First floor waste management station, the old Boehmer Box Factory, 283 Duke Street West, Kitchener, Ontario. Photo by: Katelyn M. Brown

Alternatives Journal is fortunate enough to be able to call The Old Boehmer Box Factory home. Within this building there exist many different organizations as well as a wonderful co-working space. This presents a unique set of challenges about how to best reduce our waste as a small community. We at A\J feel it is imperative to take the best practices we write about and integrate them in our own office culture. Keeping that in mind, this is our guide to the disposal systems we have in our building.

Every year, approx. 700 kgs of garbage are produced per person in Canada

(Statistics Canada, 2014). That's almost 10 times more than the average Canadian weighs.

In the common co-working space, we have two blue bins for recycling, a small compost bin and a bin for garbage. Since they are all in the same area, having the bins labelled appropriately will ensure that they are used properly, and also ensure that recycling is just as simple as throwing something in the trash. One of the blue bins is labeled for "paper" and the other is labeled for "bottles, cans and plastics".  The waste disposal service we use has a dual stream collection service, meaning that sorting the recycling saves money and prevents them from sending it to the landfill. The garbage bin that we do have in the space is going to be labeled as "non-recyclables". This label has potential to change how people in the office view their waste, as it puts recycling and not recycling on a similar level of ease. Instead of the term "garbage" which normally encompasses anything we no longer want, it forces you to think about the best way to dispose of your item.

In Canada, 15,136,259 tonnes of waste comes from non-residential sources

(Statistics Canada, 2014).

The first floor of the building has two waste areas. Below we’ve included a diagram labeling each bin’s designation.

Photo: Katelyn M. Brown

Photo: Katelyn M. Brown

Since each office is encouraged to have their own small compost and recycling, this is to make it very simple for them to empty their own receptacles. Here is a great resource for creating small compost liners.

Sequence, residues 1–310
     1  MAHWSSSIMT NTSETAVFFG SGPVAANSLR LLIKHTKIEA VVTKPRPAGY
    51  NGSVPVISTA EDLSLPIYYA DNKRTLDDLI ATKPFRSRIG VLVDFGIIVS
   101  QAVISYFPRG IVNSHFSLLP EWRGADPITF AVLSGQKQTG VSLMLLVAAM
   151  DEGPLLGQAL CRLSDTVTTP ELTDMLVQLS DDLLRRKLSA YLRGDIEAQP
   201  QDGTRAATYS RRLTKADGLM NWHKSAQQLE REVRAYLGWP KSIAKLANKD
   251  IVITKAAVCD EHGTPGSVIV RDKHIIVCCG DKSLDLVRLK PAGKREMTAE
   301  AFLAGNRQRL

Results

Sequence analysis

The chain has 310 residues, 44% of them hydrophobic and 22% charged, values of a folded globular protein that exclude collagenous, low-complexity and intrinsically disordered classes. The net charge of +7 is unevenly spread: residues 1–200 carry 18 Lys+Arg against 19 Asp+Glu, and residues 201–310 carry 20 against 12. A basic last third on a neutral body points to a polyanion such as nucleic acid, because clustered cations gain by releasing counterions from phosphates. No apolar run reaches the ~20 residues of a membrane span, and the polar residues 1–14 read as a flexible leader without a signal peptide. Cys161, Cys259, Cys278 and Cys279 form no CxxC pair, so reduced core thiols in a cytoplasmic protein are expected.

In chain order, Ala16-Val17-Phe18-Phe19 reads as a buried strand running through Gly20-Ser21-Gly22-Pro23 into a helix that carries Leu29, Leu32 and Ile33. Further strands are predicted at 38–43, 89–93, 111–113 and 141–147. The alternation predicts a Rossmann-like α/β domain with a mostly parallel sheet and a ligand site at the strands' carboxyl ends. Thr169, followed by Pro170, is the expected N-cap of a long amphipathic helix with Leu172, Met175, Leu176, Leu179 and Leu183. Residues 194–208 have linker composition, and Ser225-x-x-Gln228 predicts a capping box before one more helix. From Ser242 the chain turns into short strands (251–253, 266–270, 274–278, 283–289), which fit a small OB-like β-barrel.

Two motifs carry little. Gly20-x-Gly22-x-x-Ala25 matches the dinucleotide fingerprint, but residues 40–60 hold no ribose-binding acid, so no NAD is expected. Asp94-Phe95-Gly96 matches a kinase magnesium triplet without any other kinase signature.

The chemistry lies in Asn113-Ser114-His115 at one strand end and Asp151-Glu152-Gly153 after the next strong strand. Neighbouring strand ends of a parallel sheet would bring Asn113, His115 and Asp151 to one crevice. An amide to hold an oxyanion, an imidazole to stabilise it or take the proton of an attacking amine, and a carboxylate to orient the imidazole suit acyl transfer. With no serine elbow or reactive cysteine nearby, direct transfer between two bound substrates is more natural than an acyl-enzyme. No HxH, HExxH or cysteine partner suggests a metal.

According to The Organisation for Economic Co-operation and Development (OECD), only 24% of waste produced in Canada is actually recycled or composted (2013).

One of the most important steps to having a fully understood and utilized recycling/compost system is having the proper signage. There will be detailed signs posted on/above these bins to make sorting simple, and the following table contains the basics of what goes in each bin.

 

Bottles, Cans, Plastics

Paper

Organic Waste

Plastics 1-7

Office paper

Fruits and veggies

Cans (steel and aluminum)

File folders

Meat, fish and bones

Glass bottles

Newspaper/Magazines

Pasta, bread, cereal

Milk + Juice cartons

Directories

Dairy products and eggs

Plastic yogurt containers

Windowed envelopes

Coffee grounds, filters and tea bags

Plastic cutlery

Boxboard

Candies, cookies and cake

 

 

 

 

 

 

 

 

 

 

Here are some helpful tips for sorting your waste:

  1. Make sure to rinse any item before you put it in the recycling bin. This ensures that the recycling is not contaminated and can actually be resold as a resource!
  2. Any container (normally paper/cardboard) that has been soaked with food cannot be recycled. For example, a pizza box with grease on the bottom unfortunately can't be recycled as the oil pollutes the recycling process.
  3. Plastic straws are garbage! They are made from a very poor quality plastic on top of being very small and so cannot be recycled. Try a reusable one: (http://www.greenmunch.ca/reusable-straws/).
  4. The lids from disposable coffee cups can be recycled (bottles, cans and plastics) but the cups themselves are garbage.
  5. Styrofoam is also not accepted in recycling, even though it may have a symbol for it.
  6. Aluminum foil can be recycled! Although you should already be reusing it multiple times, when it finally comes time to recycle the foil, it goes into the blue box (after being rinsed off of course)!
  7. You may be able to compost napkins at home, but the organics system we have does not accept them. Food, coffee grounds, filters and tea bags are all acceptable in the organics bin.
  8. When you are recycling cardboard make sure you flatten it first.

Hopefully this has helped to inform you on some of the steps we are taking to reduce our waste as a small collection of organizations at the Boehmer Box Factory. Use this resource to start the conversation about waste reduction in your workplace!

Katelyn Brown is an Environment, Resources and Sustainability student at the University of Waterloo. She loves discovering and learning about all the natural wonders of the world, and aims to help conserve and restore them.

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